Cancer insurance lets you focus on recovery, not cost


Cancer insurance lets you focus on recovery, not cost

When it comes to cancer, there’s good news and bad news.

The bad news is the American Cancer Society estimates nearly 1.7 million new cancer cases will be diagnosed this year.

The good news is the cancer death rate has dropped significantly. It was down 23% from 1991 to 2012. And death rates are declining for all four of the most common cancer types: lung, colorectal, breast and prostate.

OK, you probably hear a “but” coming here. Yes, more people are surviving cancer — but the treatment costs can be staggering. The cost varies widely depending on the type of cancer, how early it’s found, the treatment used and where you receive it. Surgery can range from $14,000 to $57,000. Six months of chemotherapy can cost $50,000-$60,000. Two months of radiation therapy costs about $25,000. Drugs are taking a lot of the blame for the high cost of cancer treatment, many costing well over $100,000 a year.

“How to pay for treatment is the last thing patients should have to think about when facing a cancer diagnosis,” says Lori Hardy, product director at Colonial Life. “But many families end up with a mountain of medical debt that can have a long-term impact on their financial security.”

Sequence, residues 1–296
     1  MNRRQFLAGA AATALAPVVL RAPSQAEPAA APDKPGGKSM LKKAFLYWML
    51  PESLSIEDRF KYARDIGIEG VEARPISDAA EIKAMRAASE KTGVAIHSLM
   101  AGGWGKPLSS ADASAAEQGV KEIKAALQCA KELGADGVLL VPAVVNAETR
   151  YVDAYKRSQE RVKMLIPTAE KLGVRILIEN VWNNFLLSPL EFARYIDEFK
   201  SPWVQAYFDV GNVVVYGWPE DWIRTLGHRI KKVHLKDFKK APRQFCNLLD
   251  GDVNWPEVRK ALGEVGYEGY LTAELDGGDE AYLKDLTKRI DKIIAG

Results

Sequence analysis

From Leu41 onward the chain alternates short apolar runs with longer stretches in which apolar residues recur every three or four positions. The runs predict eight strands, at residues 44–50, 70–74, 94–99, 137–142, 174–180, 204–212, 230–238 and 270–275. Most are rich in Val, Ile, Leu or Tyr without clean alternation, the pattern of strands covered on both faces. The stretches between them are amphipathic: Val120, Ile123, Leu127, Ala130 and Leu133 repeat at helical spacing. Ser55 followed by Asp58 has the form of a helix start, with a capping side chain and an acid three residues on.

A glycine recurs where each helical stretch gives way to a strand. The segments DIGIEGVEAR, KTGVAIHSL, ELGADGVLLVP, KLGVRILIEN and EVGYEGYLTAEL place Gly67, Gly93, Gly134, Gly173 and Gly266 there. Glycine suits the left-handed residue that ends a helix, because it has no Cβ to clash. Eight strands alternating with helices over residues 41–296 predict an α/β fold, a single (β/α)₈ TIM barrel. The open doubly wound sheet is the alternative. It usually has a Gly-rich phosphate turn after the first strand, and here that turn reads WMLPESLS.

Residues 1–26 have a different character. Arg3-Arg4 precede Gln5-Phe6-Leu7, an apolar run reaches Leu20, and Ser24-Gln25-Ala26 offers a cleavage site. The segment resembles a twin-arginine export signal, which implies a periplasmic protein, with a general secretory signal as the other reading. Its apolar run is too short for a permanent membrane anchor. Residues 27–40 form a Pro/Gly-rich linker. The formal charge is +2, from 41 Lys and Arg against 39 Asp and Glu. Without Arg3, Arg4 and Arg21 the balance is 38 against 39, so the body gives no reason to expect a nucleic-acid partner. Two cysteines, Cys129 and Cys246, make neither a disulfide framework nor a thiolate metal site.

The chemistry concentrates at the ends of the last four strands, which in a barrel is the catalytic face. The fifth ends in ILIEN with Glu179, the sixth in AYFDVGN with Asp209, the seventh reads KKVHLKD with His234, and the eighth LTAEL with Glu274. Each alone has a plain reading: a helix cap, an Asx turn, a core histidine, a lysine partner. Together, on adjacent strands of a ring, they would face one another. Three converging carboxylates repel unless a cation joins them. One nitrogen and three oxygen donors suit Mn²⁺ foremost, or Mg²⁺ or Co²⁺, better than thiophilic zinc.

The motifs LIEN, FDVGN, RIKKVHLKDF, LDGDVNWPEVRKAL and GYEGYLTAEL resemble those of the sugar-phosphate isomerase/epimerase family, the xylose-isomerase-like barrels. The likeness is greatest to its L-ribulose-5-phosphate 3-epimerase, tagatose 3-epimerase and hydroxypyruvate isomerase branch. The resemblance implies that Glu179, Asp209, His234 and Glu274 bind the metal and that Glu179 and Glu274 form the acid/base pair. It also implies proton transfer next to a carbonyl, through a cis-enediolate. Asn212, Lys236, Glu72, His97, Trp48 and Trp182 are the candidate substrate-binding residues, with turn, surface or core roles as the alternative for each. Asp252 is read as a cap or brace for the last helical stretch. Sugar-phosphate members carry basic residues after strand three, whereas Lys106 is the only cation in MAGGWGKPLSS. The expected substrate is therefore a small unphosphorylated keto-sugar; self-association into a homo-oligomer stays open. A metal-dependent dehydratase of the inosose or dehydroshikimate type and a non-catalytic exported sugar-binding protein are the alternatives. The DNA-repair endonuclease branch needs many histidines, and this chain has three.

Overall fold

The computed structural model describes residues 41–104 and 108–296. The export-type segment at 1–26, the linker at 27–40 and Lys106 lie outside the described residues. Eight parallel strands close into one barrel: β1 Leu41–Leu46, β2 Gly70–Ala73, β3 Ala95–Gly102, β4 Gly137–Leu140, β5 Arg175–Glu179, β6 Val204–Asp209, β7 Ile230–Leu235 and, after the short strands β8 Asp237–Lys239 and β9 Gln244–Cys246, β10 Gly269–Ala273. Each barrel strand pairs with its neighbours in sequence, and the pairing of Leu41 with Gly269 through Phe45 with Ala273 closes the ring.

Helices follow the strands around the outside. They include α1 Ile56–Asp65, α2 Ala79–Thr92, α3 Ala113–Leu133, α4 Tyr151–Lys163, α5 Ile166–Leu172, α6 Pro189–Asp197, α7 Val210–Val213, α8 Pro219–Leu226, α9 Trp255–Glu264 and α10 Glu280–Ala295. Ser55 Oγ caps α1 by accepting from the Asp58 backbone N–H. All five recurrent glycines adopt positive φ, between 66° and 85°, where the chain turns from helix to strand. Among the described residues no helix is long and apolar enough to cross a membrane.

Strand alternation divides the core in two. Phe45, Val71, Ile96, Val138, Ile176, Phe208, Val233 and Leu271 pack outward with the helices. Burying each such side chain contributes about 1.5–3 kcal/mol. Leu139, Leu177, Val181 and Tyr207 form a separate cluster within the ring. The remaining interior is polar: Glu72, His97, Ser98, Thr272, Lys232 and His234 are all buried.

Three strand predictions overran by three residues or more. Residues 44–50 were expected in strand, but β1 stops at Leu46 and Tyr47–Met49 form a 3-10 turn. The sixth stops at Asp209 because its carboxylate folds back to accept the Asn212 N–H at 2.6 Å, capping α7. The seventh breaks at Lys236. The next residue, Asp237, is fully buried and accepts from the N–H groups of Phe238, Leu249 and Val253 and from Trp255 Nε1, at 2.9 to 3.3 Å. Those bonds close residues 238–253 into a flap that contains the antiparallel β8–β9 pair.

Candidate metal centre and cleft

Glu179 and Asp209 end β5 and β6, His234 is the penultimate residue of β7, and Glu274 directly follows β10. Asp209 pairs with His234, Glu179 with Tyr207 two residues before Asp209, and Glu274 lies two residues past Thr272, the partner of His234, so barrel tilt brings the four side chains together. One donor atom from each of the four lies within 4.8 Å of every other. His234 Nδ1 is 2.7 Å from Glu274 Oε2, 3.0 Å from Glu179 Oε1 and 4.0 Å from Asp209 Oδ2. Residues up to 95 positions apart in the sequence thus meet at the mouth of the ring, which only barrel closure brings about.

You may assume your health insurance will cover your costs. It’ll help, but there many expenses it won’t cover, including copayments, deductibles, out-of-network treatments, home health care needs and experimental treatments. Then there are what some call the “hidden costs” of cancer treatment:

  • Lodging and meals when traveling for treatments
  • Gas and parking during visits to appointments
  • Loss of income while unable to work
  • Child care
  • Special equipment or clothing
  • Help with chores such as housecleaning, yard work, cooking or errands

This is where cancer insurance can help. Plans typically pay benefits that help pay for a variety of treatments and services: surgery, radiation, chemotherapy, private nursing, home health care, prostheses, appliances, medical equipment and more. Some plans also pay a lump sum benefit upon first diagnosis.

A wellness benefit is another valuable option to look for when comparing cancer plans.

“You don’t have to be diagnosed with cancer to take advantage of some cancer plans,” Hardy points out. “A wellness benefit helps pay for tests and screening that encourage early detection of cancer, such as mammograms, Pap tests and x-rays.”

Cancer plans — and how much they cost — vary widely, so it’s important to compare them carefully. If you or your spouse or partner have access to this type of insurance at work, that’s a good place to start. Insurance offered at work often is more affordable and convenient to pay for.